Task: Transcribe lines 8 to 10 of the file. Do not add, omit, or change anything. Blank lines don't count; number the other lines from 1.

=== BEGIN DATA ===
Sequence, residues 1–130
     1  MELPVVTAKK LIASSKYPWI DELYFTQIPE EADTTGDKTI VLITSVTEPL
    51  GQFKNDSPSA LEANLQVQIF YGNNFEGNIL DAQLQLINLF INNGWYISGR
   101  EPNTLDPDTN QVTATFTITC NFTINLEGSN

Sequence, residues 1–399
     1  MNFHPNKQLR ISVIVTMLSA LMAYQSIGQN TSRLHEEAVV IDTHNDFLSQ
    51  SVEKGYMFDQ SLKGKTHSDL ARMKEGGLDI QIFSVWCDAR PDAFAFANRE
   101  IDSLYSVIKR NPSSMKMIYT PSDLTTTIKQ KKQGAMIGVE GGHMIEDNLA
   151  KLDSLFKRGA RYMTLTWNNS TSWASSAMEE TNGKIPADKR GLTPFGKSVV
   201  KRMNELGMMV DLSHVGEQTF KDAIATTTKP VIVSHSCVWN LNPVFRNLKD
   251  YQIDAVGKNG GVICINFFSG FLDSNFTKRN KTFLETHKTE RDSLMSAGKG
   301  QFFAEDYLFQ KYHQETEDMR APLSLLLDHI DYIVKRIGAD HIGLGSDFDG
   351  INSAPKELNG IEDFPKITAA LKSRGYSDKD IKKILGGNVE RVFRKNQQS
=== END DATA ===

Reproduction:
   101  IDSLYSVIKR NPSSMKMIYT PSDLTTTIKQ KKQGAMIGVE GGHMIEDNLA
   151  KLDSLFKRGA RYMTLTWNNS TSWASSAMEE TNGKIPADKR GLTPFGKSVV
   201  KRMNELGMMV DLSHVGEQTF KDAIATTTKP VIVSHSCVWN LNPVFRNLKD